JACKSONVILLE, Fla. -- A public lottery for the upcoming Michael Dunn murder trial began at 6 a.m. Friday.
Dunn is accused of fatally shooting Jordan Davis, 17, in late November 2012 after a dispute over loud music at a gas station.
The trial is expected to garner extensive local and national media attention. So far, 20 news outlets and 170 journalists have sought access to covering the legal proceedings.
As such, space in the assigned courtroom at the Duval County Courthouse is going to be limited. Supporters of Dunn and Davis are also expected to turn out.
So, members of the public wanting to attend the trial must enter a lottery the day before they wish to be in court. They must re-enter every time they wish to attend again.
Applications should be taken to the Prime F. Osborn III Convention Center in downtown Jacksonville between 6 a.m. and 4:30 p.m. weekdays.
There is an assigned drop-off spot in the 1000 block of W. Bay St. that's marked by a portable JSO information board.
You can go there to get an application or visit the website www.michaeldunntrial.com.
Chief Michelle Cook with the Jacksonville Sheriff's Office said background checks will be done on all applicants.
"We are going to be checking for active warrants. We need this to be secure. We want to make sure folks don't have backgrounds," she said at a Thursday afternoon news conference.
It's expected the number of people from the public allowed into court will change daily.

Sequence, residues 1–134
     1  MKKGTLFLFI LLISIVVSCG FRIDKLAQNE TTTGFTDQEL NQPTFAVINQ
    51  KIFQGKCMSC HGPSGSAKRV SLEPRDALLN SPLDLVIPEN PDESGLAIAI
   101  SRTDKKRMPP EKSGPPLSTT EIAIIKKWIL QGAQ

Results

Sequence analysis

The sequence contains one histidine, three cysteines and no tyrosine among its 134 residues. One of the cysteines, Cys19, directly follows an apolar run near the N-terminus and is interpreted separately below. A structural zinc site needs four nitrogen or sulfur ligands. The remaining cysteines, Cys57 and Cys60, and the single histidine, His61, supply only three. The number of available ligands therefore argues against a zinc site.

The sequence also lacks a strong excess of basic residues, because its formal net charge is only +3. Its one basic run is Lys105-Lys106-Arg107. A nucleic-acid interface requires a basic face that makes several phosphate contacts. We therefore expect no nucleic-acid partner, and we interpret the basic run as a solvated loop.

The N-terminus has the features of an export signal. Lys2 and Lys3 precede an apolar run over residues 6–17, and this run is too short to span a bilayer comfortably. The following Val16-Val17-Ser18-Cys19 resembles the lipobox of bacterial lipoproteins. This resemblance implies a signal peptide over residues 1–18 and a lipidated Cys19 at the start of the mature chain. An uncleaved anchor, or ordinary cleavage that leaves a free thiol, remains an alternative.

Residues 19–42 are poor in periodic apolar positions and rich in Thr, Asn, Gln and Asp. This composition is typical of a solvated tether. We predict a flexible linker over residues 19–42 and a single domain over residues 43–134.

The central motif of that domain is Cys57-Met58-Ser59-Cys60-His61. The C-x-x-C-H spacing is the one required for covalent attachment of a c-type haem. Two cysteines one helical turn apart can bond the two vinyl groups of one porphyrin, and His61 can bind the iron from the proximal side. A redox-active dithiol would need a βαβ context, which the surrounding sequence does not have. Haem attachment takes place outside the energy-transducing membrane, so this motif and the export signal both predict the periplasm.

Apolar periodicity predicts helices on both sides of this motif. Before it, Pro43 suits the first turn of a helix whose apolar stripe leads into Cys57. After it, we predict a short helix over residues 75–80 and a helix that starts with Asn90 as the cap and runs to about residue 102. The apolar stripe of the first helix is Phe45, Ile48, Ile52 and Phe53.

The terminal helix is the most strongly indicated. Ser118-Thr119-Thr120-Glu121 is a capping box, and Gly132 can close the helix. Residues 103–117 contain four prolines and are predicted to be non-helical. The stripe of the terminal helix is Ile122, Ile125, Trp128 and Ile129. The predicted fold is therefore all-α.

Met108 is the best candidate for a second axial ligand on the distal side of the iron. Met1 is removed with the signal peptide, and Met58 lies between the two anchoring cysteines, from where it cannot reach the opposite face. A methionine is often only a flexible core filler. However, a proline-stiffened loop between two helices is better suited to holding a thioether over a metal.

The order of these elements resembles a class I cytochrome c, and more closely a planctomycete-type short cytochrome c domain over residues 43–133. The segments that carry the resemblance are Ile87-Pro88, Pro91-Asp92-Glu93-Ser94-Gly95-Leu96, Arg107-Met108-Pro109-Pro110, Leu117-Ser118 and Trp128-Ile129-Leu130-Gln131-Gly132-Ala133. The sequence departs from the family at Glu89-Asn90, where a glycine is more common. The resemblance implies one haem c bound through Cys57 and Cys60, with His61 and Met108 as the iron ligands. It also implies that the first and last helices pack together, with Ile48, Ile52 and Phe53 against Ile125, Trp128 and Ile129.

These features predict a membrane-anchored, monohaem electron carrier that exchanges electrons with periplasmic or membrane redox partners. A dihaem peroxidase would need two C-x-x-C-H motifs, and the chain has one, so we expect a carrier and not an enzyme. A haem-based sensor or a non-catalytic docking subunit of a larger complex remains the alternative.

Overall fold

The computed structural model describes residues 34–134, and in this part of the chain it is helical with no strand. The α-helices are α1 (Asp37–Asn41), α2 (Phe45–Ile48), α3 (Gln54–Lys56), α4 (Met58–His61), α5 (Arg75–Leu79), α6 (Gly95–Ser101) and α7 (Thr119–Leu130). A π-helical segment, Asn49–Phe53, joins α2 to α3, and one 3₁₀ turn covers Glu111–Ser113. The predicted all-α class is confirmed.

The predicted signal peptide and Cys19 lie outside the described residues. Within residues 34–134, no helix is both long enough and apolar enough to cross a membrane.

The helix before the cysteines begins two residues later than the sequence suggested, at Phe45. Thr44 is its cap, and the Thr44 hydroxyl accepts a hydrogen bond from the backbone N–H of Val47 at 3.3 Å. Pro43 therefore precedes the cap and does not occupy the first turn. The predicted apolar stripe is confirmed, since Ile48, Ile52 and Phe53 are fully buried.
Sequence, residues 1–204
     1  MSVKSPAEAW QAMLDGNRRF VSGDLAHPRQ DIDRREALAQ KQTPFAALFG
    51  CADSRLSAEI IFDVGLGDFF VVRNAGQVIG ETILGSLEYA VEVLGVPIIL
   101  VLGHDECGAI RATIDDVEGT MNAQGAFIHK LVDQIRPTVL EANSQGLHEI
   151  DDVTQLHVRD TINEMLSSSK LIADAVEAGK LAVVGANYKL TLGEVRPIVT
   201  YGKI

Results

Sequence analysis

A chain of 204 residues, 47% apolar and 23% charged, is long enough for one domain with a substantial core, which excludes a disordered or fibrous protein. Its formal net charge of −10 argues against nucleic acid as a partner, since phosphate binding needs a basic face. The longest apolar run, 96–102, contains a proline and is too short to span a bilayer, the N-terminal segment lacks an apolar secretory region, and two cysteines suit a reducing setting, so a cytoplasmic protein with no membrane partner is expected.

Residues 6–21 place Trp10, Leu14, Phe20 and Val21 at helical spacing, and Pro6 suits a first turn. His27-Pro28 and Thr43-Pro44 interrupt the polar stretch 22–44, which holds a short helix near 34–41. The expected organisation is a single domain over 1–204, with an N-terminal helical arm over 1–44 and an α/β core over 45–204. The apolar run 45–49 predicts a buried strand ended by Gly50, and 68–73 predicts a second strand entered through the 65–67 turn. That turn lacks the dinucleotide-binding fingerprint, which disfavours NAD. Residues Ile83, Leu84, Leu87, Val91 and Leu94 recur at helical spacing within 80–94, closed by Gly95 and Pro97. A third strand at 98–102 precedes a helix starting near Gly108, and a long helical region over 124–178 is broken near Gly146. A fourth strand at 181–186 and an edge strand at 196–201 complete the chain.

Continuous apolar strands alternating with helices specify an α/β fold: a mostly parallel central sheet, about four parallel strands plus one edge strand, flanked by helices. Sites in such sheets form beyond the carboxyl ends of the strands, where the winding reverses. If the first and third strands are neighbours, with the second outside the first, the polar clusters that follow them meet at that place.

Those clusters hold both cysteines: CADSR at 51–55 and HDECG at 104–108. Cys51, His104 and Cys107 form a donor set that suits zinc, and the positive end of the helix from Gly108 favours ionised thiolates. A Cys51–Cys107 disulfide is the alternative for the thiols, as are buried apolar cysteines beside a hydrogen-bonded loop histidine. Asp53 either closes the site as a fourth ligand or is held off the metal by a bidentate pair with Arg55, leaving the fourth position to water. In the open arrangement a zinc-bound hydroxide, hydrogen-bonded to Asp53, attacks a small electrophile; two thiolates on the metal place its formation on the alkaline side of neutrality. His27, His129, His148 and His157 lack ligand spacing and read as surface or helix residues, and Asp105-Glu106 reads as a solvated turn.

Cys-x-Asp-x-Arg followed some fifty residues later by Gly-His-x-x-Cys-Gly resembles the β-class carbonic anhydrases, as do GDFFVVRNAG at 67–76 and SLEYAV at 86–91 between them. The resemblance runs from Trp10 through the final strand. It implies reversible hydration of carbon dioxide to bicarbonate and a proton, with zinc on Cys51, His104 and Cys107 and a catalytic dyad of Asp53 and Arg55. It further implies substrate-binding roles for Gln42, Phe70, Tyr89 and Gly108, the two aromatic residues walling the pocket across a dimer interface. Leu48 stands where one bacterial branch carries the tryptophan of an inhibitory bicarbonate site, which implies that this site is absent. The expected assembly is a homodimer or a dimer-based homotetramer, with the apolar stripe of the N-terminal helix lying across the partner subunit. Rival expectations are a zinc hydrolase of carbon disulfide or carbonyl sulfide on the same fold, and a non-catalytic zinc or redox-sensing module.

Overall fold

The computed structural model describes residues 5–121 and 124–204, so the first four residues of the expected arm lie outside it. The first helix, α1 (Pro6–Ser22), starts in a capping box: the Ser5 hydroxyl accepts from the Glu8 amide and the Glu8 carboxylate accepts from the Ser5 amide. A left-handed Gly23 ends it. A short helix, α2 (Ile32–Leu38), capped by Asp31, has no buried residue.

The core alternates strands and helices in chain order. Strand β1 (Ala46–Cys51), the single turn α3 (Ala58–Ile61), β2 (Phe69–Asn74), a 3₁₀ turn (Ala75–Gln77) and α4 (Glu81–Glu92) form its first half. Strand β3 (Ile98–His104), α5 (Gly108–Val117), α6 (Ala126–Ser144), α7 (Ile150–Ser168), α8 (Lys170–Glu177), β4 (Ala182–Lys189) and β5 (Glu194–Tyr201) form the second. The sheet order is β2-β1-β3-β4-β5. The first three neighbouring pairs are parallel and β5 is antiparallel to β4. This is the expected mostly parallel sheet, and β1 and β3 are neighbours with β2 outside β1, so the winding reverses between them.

If you're notified you've received a court credential, you must go to the Prime Osborn to pick it up no later than 8 a.m. the day the credential is needed. A photo I.D. will be required.
Michelle Quarterman, a family friend of the Davis family, was the first person Friday to drop off an application.
She told First Coast News she was there "...because I want to be a representation to his mother and his father because I have children too. And I want someone to represent mine, too."
Quarterman was the only person to show up early Friday morning.
No one from the lottery or news media will be able to attend jury selection, which starts Monday, February 3.
A final hearing in the case is expected to be held Friday to address a new motion filed by State Attorney Angela Corey.
She is seeking to ban audio recordings of jury selection in addition to the ban on video recording that's already been enacted.
First Coast News, along with other Jacksonville media outlets, is prepared to fight this motion to preserve public access to the criminal justice system.